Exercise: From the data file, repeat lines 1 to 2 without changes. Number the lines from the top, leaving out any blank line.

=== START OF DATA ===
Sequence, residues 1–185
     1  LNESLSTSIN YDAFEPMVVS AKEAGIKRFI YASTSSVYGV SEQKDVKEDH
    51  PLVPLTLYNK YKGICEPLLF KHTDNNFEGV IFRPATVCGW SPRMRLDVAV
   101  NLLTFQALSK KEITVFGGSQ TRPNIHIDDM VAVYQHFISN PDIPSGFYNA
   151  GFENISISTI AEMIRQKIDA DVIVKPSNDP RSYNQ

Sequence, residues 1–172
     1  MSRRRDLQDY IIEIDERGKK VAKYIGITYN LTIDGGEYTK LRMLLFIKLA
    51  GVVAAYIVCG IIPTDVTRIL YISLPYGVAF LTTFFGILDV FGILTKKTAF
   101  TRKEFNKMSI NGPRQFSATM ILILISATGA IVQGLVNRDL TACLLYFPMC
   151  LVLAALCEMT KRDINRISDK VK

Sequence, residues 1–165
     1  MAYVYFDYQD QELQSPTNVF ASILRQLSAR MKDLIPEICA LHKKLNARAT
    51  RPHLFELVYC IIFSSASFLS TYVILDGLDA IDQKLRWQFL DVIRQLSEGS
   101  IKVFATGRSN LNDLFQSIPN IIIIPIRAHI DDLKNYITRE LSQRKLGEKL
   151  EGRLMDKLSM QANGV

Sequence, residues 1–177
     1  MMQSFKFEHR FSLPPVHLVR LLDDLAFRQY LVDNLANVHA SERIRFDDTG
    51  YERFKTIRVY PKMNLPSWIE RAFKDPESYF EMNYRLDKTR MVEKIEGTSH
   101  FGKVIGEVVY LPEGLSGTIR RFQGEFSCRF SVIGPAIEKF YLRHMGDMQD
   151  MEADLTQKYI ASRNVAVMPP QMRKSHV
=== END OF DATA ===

Sequence, residues 1–185
     1  LNESLSTSIN YDAFEPMVVS AKEAGIKRFI YASTSSVYGV SEQKDVKEDH